09 October 2014
Somalia and its twin Somaliland are prototypes of states that fail and states that recover. The difference between Somalia and Somaliland is the difference between a peace owned and a rent-seeking peace. Local ownership is but one aspect of the conditions for state recovery.
Somalia and Somaliland on the Horn of Africa are prototypes of states that failed and states that recovered. Somaliland declared independence from Somalia on 18 May 1991 after a six-week Grand Conference of the Northern Peoples in Burao. The conferences in Burao and later, Bomora were managed and financed by locals, bringing their own food and shelter over many weeks, sometimes months.
These events were “bottom-up, not top-down”, emphasised Mohamed Omar, the minister of commerce, “unlike Somalia’s, which has been top-down, driven by donors through leadership and taking place outside the country”. Somalilanders concentrated on achieving peace, not on acquiring financial rents for delegates from the process, a feature which has continually by contrast blighted Somalia’s attempts to the south, where conflict entrepreneurs have fed off both the fighting and the talking.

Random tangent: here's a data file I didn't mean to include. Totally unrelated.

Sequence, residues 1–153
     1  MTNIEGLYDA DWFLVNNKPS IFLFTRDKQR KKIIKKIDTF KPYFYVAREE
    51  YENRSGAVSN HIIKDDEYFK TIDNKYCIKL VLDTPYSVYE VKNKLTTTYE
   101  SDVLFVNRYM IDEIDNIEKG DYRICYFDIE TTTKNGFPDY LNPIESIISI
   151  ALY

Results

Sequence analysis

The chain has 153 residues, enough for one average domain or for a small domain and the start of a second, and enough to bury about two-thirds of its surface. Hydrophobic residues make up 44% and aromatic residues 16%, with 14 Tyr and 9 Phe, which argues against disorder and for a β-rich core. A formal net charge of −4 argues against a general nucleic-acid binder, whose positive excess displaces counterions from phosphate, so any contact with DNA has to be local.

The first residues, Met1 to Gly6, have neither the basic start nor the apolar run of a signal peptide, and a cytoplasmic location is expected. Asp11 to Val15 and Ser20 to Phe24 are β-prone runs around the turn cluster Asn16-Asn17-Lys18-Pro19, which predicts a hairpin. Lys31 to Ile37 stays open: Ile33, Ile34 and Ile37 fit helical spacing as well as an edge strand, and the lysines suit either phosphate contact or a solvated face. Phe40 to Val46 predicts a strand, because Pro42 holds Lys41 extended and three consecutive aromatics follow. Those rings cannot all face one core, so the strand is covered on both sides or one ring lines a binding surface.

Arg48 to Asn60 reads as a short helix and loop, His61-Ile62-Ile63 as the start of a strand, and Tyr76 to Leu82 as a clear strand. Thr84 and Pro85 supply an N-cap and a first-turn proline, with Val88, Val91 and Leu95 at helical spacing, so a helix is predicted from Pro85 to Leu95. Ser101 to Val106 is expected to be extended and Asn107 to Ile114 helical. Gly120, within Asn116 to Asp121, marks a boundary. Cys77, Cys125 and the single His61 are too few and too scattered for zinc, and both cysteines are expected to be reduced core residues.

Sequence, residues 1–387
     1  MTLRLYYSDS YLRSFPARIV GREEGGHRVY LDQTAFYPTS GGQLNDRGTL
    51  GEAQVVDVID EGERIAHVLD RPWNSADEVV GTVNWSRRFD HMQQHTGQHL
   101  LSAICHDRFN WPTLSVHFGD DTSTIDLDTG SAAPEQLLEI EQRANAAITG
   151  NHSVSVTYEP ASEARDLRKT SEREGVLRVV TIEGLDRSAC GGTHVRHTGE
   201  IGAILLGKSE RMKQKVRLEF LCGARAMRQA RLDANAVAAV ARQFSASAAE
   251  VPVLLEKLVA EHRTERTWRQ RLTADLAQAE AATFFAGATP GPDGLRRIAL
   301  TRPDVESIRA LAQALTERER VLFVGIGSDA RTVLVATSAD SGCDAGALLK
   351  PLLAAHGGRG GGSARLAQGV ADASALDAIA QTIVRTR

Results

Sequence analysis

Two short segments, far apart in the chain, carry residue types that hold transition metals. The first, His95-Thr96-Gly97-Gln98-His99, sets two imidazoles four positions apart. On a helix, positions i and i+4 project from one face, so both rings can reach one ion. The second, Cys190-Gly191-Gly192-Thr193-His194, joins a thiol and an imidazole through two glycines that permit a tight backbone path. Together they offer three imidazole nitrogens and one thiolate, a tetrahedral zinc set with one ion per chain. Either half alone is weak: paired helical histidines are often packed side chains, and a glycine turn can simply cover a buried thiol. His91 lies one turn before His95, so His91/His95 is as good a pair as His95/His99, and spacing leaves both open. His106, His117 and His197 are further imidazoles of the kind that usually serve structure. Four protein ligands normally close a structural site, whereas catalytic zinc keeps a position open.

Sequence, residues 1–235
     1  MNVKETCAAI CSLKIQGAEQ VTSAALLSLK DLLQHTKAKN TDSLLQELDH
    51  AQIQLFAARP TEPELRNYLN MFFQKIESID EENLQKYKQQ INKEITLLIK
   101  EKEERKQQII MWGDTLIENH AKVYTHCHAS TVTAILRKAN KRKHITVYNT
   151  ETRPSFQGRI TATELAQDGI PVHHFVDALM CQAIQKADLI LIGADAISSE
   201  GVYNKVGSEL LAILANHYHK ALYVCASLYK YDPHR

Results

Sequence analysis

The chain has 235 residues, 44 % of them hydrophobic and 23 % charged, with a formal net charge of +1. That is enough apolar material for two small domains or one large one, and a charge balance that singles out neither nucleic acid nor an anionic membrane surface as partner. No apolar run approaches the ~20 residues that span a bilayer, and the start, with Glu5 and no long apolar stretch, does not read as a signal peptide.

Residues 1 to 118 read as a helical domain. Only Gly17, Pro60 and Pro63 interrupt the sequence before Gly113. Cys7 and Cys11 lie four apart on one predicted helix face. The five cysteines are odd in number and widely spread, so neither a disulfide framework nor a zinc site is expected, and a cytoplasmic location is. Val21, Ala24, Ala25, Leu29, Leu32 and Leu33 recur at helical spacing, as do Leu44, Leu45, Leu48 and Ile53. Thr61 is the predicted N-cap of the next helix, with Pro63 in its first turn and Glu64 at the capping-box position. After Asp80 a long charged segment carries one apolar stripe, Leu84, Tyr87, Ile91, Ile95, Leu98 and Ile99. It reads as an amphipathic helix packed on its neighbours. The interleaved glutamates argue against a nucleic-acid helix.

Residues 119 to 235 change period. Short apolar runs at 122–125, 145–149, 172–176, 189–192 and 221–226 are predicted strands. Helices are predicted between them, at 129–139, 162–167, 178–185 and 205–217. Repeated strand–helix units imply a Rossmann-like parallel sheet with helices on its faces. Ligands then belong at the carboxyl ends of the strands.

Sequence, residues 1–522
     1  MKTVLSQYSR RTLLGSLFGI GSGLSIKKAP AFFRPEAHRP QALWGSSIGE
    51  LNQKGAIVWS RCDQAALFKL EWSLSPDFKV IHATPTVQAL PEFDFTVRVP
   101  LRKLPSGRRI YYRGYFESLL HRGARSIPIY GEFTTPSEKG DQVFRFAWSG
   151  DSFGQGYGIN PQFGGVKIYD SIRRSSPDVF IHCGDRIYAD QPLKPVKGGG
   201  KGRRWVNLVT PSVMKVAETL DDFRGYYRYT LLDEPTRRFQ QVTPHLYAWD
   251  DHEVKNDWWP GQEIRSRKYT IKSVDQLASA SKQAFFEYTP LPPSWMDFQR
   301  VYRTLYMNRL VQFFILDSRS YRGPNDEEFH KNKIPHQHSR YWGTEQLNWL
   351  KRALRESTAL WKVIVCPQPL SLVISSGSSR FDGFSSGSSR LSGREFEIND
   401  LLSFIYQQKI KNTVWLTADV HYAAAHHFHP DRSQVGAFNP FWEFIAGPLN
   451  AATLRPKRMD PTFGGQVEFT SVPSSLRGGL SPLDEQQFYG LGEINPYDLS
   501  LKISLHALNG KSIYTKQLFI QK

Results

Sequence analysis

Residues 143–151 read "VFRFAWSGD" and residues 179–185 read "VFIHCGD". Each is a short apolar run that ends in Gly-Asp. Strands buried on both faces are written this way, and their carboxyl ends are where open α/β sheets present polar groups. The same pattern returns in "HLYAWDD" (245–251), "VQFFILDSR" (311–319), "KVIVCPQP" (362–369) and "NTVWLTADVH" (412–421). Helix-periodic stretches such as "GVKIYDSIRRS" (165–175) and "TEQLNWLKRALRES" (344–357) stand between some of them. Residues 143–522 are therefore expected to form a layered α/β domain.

…Greg Mills heads the Johannesburg-based Brenthurst Foundation and is currently a Visiting Senior Fellow at the S. Rajaratnam School of International Studies (RSIS), Nanyang Technological University. His latest book – ‘Why States Recover’ (Picador/Hurst) – based on his assignments in three dozen case-studies across the world, is being launched at RSIS this month.
RSIS / Online
Last updated on 10/10/2014